We solve this problem by maintaining a flattened register space which provides a distinct index for every unique register storage location. For example, the integer portion of the SPARC flattened register space has distinct indices for the globals and the alternate globals, as well as for each of the available register windows. The “flattening” process of translating from a unified or relative register index to a flattened register index varies by ISA. On some ISAs, the mapping is trivial, while others use table lookups to do the translation.
A key distinction between the generation of unified and flattened register indices is that the former can always be done statically while the latter often depends on dynamic processor state. That is, the translation from relative to unified indices depends only on the context provided by the instruction itself (which is convenient as the translation is done in the decoder). In contrast, the mapping to a flattened register index may depend on processor state such as the interrupt level or the current window pointer on SPARC.
Although the typical progression for modifying register indices is relative -> unified -> flattened, it turns out that relative vs. unified and flattened vs. unflattened are orthogonal attributes. Relative vs. unified indicates whether the index is relative to the base register for its register class (integer, FP, or misc) or has the base offset for its class added in. Flattened vs. unflattened indicates whether the index has been adjusted to account for runtime context such as register window adjustments or alternate register file modes. Thus a relative flattened register index is one in which the runtime context has been accounted for, but is still expressed relative to the base offset for its class.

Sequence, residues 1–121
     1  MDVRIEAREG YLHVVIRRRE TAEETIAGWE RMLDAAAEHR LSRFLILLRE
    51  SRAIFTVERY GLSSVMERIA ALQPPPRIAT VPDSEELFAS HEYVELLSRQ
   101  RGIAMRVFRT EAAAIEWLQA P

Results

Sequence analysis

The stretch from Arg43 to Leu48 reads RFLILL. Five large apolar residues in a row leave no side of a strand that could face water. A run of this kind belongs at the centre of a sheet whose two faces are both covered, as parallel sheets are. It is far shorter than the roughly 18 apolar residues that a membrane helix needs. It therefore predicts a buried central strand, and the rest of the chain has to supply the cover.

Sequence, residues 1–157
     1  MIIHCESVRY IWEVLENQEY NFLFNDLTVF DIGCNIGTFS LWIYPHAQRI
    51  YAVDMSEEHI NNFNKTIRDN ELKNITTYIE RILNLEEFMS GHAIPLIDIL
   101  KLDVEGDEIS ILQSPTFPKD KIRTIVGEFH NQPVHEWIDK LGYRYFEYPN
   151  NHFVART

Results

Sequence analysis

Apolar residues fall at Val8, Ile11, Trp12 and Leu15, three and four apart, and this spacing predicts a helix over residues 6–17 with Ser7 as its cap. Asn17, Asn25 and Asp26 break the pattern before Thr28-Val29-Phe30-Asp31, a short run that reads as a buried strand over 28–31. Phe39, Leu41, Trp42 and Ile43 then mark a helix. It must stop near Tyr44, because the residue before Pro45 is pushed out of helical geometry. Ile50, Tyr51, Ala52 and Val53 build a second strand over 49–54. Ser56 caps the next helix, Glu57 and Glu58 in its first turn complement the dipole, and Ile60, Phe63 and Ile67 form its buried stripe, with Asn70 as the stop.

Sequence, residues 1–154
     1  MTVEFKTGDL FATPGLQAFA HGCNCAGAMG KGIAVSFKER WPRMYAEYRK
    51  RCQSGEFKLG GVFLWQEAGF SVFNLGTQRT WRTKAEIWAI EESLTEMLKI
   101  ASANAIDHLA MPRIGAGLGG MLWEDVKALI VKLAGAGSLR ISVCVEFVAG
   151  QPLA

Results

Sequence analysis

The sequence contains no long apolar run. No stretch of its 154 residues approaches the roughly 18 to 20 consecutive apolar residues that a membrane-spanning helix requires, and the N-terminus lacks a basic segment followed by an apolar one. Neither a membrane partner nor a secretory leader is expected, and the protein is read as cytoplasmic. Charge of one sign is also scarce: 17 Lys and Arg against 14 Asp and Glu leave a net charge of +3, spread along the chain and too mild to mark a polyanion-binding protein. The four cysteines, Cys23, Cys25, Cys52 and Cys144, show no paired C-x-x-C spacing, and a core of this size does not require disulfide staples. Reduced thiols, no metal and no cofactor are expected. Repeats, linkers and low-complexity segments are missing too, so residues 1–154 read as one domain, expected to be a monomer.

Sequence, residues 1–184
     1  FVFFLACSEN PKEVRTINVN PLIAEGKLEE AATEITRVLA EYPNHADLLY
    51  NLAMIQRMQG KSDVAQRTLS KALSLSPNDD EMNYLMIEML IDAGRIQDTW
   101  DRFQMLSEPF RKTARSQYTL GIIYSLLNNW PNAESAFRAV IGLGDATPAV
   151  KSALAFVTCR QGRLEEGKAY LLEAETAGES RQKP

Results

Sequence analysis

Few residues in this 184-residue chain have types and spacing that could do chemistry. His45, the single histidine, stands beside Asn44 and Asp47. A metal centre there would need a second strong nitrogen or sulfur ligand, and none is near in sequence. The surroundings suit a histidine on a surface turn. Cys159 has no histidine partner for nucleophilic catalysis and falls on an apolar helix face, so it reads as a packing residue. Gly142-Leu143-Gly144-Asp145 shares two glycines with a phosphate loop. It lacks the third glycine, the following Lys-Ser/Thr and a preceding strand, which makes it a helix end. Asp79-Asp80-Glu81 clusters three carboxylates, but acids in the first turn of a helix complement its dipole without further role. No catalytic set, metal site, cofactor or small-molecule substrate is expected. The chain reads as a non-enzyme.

A single set of class-specific offsets is used to generate unified indices from relative indices regardless of whether the indices are flattened or unflattened. Thus the offsets must be large enough to separate the register classes even when flattened addresses are being used. As a result, the unflattened unified register space is often discontiguous.
As an illustration, consider a hypothetical architecture with four integer registers (%r0-%r4), three FP registers (%f0-%f2), and two misc/control registers (%msr0-%msr1). In addition, the architecture supports a complete set of alternate integer and FP registers for fast context switching.
The resulting register file layout, along with the unified flattened register file indices, is shown at right. Although the indices in the picture range from 0 to 15, the actual set of valid indices depends on the type of index and (for relative indices) the register class as well:
| Relative unflattened | Int: 0-3; FP: 0-2; Misc: 0-1 | | Unified unflattened | 0-3, 8-10, 14-15 | | Relative flattened | Int: 0-7; FP: 0-5; Misc: 0-1 | | Unified flattened | 0-15 |
In this example, register %f1 in the alternate FP register file could be referred to via the relative flattened index 4 as well as the relative unflattened index 1, the unified unflattened index 9, or the unified flattened index 12. Note that the difference between the relative and unified indices is always 8 (regardless of flattening), and the difference between the unflattened and flattened indices is 3 (regardless of relative vs. unified status).